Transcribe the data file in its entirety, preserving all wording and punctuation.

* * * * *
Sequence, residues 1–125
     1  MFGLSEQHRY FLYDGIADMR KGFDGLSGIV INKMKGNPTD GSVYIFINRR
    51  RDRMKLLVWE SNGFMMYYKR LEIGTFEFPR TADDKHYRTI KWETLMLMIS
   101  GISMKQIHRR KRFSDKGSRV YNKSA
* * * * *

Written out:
Sequence, residues 1–125
     1  MFGLSEQHRY FLYDGIADMR KGFDGLSGIV INKMKGNPTD GSVYIFINRR
    51  RDRMKLLVWE SNGFMMYYKR LEIGTFEFPR TADDKHYRTI KWETLMLMIS
   101  GISMKQIHRR KRFSDKGSRV YNKSA